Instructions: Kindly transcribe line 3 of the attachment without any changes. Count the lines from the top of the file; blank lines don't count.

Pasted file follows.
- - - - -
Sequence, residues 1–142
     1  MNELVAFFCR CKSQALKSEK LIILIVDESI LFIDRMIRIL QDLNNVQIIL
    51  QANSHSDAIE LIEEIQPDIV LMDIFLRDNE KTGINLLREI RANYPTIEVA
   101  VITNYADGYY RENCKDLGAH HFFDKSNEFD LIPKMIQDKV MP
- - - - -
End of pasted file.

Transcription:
    51  QANSHSDAIE LIEEIQPDIV LMDIFLRDNE KTGINLLREI RANYPTIEVA